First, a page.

Sam Whiskey is an all-round talent, but when the attractive widow Laura offers him a job, he hesitates: he shall salvage gold bars, which Laura's dead husband stole recently, from a sunken ...
See full summary »
New York private eye Shamus McCoy likes girls, drink and gambling, but by the look of his flat business can't be too hot. So an offer of $10,000 to finds some diamonds stolen in a daring ... See full summary »
A gunrunner loses his cargo near a small coastal Sudanese town so he's stuck there. When a woman hires him to raid a sunken ship in the shark-infested waters, he sees a chance to compensate for his losses. He's not the only one.
Released from prison after 18 years, notorious gunslinger 'Killer' Cain is a peaceful reformed man but the Old West has died and he cannot adapt to the modern West where some unpaid moral debts and old troubles resurface.
Sam Whiskey is an all-round talent, but when the attractive widow Laura offers him a job, he hesitates: he shall salvage gold bars, which Laura's dead husband stole recently, from a sunken ship and secretly bring them back to the mint before they are missed. But how shall he manage to get several hundred pounds of gold into the mint without anyone noticing? Written by
Tom Zoerner <Tom.Zoerner@informatik.uni-erlangen.de>
This was one of the first movies to have a scene cut under the, then new, MPAA American ratings system. According to the NEA story article "Movie Producers Hope For The Best" by Dick Kleiner in the 1968-11-06 edition of The Coshcocton Tribune, "a bare-from-the-waist-up shot" of Angie Dickinson featured in the original print submitted. This topless shot of Dickinson was cut for the movie's American release so as to prevent the possibility of the movie receiving the R-rating. Director Arnold Laven then submitted a print with a tighter shot of Dickinson showing her from the shoulders up. Some versions of this movie, such as the Australian VCR release under the title "A Man of All Breeds", still show the topless Dickinson in this scene. See more »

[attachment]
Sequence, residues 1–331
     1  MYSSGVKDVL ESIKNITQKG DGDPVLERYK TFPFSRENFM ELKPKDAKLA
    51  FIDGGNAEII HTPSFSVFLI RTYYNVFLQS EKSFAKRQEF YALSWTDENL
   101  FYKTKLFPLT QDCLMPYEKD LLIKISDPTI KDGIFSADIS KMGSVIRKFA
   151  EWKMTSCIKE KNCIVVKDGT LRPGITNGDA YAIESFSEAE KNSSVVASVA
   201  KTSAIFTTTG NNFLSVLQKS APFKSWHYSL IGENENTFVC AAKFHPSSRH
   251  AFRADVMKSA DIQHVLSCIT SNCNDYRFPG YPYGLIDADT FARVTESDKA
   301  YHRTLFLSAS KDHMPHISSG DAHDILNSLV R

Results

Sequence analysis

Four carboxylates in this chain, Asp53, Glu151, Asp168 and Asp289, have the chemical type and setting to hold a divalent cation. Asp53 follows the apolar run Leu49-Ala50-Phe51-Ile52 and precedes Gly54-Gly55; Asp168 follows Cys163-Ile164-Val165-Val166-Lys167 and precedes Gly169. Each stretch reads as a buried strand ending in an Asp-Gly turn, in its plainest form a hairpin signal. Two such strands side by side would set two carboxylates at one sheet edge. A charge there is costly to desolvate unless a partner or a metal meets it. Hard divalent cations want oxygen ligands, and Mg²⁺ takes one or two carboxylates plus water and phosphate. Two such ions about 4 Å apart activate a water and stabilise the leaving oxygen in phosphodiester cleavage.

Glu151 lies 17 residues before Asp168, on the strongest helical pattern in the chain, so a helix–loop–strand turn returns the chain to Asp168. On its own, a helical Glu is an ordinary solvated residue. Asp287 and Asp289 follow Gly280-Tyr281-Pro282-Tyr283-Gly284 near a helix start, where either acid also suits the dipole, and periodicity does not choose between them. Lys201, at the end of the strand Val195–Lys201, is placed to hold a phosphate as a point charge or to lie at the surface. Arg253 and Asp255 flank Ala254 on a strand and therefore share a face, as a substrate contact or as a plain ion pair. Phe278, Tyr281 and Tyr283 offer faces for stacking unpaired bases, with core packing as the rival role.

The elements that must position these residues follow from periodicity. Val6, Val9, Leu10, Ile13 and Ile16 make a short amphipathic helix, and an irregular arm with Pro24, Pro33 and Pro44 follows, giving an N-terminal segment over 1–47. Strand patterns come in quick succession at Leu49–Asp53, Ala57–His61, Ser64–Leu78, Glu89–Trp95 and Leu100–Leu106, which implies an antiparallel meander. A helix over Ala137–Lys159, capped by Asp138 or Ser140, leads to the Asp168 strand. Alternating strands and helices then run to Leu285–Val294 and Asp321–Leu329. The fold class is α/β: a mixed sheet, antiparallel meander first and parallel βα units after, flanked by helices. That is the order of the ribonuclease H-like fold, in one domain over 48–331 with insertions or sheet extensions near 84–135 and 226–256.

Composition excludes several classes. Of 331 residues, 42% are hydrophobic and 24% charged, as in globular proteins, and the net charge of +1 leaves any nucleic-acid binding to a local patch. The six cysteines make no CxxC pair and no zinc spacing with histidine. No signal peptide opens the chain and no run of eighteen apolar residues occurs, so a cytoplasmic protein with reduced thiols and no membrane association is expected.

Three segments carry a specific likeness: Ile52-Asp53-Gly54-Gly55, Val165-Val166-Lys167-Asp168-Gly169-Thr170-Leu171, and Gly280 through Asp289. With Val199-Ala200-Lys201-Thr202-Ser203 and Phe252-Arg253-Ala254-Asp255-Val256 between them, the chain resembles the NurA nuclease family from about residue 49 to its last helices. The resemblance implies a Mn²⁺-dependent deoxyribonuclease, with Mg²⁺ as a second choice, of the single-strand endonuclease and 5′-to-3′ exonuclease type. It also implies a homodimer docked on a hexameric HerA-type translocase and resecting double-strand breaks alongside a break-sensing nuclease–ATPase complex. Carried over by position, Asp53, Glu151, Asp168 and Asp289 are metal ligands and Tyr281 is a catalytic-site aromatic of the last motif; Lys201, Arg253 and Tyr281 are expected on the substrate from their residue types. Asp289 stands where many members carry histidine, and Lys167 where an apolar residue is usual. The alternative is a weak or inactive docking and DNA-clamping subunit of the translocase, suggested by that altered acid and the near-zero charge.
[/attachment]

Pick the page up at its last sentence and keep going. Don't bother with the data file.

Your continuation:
O.W. had Sam Whiskey shoot his Gatling-style gun, but Sam was hitting below the targets. O.W. said he was adjusting for Sam's eyesight and raised the front sight, but then he shot it himself and hit the targets. Raising the front sight would lower the trajectory of the bullets even further, not raise it. And the adjustment was for Sam's eyes, not O.W.'s, yet O.W. was the one who shot the gun and hit the targets after raising the front sight. See more »
General Sherman said, "War is hell." "Worse than that," Sam said, "The pay's bad."
See more »
Many movies are produced for purposes other than artistic merit, or creative urge, so I'm not going to review the "quality" of this movie, as that is not its point. (Or maybe a I will... it's hard to avoid!) In 1969, movies were much more expensive to produce than today (as far as film stock, negatives, distribution, etc.), so major studio releases had to use certain stock genres, settings, and well known stars to get projects approved.
This is one of those projects, and it serves that purpose well. If you want to see Burt and Angie in their prime, having a good time making a movie, then this time capsule is for you. It bangs right along, with no slow spots, and it easy to consume and understand.
It's a great movie to watch for the flavor of sixties star driven action comedies, but it is very dated, and not well written. The dialog is basic, and the plot such as it is, exists just to string together action sequences. This movie never was never intended to be good, bad, or indifferent. It was supposed to sell tickets and refreshments when people wanted to get out for the evening.
But that's fine - it did its job when it needed to, but skip it unless you're interested in the culture of the time when the movie was made, it doesn't stand alone as a movie of the genre worth watching.
3 of 12 people found this review helpful.
Was this review helpful to you?